And if you think 15% is low, let’s look at the other data in Statista’s social media addiction research. When asked whether the statement “I am addicted to social media” somewhat or completely describes them, 30% of all surveyed said ‘somewhat’ while 9% said they feel they are social media addicts. The percentage of people feeling ‘somewhat’ addicted to social media is highest at 40% among those aged 18-22 and 37% among people between 23 and 38. Then, 9% of people between the age of 39 and 54 feel they are addicted.
When discussing social media addiction statistics and trends, addictive social media behavior is most strongly associated with being a young, single female. According to a social media addiction study involving more than 23,500 participants with ages ranging from 16 to 88, this is the age group that is most likely to display addiction symptoms. Overall low self-esteem and a narcissistic personality were also very strongly associated with addictive social media behavior.
Many relationships suffer because of excessive use of social media. Failed marriages and ruined relationships are often listed as the most devastating social media addiction effects. This happens because some people believe monitoring one’s romantic partner on social media is harmless when instead it often leads to jealousy and quarrels. Facebook addiction statistics reveal this platform is involved in the vast majority of such marital disputes, 1 in 3 of which end in divorce. In fact, divorce attorneys no longer shy away from using networking sites to derive data which is then used as evidence.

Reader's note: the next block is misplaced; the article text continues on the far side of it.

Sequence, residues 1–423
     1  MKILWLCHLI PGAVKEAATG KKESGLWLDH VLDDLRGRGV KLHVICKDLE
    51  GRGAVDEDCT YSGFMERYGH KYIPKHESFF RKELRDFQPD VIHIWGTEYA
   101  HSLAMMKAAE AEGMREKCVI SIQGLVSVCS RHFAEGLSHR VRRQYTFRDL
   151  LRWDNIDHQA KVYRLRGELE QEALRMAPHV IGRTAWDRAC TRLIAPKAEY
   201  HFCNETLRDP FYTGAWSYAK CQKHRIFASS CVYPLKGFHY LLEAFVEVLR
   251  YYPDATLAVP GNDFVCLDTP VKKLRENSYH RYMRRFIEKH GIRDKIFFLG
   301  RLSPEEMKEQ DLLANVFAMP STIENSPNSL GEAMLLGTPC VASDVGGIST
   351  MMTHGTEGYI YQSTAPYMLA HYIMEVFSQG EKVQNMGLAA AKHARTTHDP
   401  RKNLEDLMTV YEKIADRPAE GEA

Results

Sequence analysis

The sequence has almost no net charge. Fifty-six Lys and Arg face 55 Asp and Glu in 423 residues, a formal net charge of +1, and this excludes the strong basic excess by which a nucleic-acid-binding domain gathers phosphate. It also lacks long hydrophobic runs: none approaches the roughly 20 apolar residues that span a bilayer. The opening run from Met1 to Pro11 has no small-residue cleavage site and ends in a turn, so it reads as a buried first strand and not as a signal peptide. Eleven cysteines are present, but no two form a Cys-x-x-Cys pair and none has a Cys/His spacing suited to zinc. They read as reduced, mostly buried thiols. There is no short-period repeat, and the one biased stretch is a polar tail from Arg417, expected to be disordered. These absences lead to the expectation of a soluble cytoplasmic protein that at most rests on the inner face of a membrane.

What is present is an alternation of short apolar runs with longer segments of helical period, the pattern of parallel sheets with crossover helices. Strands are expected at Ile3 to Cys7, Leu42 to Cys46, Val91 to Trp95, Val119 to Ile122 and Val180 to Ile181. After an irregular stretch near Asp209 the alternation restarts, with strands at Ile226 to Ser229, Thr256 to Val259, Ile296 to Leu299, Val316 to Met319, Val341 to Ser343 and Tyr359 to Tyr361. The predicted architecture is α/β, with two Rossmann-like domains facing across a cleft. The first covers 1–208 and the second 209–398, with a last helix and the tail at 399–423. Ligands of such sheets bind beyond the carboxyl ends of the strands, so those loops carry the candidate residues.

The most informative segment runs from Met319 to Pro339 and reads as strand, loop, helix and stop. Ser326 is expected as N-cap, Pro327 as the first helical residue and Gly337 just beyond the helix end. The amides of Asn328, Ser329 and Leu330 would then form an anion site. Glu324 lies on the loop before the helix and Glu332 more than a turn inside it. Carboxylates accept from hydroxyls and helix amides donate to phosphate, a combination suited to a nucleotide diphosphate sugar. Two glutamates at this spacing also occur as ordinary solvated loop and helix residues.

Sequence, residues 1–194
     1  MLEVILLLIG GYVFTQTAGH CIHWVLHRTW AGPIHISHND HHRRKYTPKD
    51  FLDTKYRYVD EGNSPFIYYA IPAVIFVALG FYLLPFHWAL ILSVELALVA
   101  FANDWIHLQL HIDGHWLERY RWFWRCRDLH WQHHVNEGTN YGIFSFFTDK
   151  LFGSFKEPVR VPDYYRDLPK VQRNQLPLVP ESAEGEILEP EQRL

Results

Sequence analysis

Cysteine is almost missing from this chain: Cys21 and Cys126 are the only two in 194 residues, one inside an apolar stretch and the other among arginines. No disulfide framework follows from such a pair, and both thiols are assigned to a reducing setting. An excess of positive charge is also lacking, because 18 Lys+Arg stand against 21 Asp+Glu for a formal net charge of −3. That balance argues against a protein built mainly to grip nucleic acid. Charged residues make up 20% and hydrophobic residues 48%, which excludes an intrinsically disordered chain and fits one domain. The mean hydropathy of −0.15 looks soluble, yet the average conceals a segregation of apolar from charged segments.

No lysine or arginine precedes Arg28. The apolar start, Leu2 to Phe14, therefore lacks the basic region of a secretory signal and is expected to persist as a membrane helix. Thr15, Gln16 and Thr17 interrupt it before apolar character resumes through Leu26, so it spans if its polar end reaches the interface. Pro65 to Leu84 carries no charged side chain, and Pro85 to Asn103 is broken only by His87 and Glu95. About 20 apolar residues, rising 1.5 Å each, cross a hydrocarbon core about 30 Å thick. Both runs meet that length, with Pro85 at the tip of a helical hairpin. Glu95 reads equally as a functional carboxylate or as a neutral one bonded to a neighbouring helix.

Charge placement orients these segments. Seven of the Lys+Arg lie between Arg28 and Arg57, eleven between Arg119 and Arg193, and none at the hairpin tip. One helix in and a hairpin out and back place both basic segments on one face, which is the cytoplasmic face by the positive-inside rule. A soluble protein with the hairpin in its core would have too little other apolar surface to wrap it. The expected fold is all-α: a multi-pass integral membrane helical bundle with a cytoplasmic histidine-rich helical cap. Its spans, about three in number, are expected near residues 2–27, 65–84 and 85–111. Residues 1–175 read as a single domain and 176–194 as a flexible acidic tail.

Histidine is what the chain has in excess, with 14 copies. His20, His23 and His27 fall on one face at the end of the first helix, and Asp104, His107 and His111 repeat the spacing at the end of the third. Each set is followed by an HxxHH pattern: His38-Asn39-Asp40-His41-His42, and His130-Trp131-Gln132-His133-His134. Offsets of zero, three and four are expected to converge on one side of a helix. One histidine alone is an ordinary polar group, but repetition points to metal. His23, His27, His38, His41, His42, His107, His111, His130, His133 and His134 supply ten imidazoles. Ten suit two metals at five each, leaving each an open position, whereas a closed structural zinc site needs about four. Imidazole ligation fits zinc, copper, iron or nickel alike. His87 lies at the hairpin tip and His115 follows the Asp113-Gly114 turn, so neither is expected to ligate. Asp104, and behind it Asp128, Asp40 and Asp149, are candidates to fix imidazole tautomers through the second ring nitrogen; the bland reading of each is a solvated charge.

Yet another finding related to the negative effects these platforms have (on young people, in particular) has been provided by social media addiction stats. The FOMO (fear of missing out) phenomenon manifests in 37% of young adults who feel uneasy when they are not online and another 22% who get restless when logged out because they cannot check incoming messages. Recent research indicates that anxiety kicks in in a surprisingly high number of people once they log out of social media though this symptom rarely appears in older social media users.
When it comes to how social media addiction affects your life, younger and less experienced drivers have a nasty habit of checking social media while behind the wheel. Studies performed around the world have concluded that using your smartphone in any capacity while driving is both dangerous and widespread. US studies meanwhile indicate that drivers don’t just use their phones to take and make calls; over 50% live-stream, update social media posts, or pose for selfies.
Statistics on social media addiction disclose the number of young adults experiencing social media addiction symptoms which often pass unnoticed is growing by the day. Since 2015, the number of young adults experiencing sleep issues notes a disturbing jump from 26% to approximately 41%. The same study on social media addiction effects shows 35.1% of young adults displaying bad results in their academic performance and again this percentage has increased from 22.8% back in 2015.
The fact that, according to social media addiction facts, 70% of US teenagers feel left out or excluded when using social media is more than distressing. More stats reveal that 43% of teens delete their posts because they didn’t get the number of likes they were aiming for and another 43% feel absolutely devastated because no one likes their posts. But perhaps the most alarming data is that 35% of teens with low social-emotional well-being said they have been cyberbullied when using social media.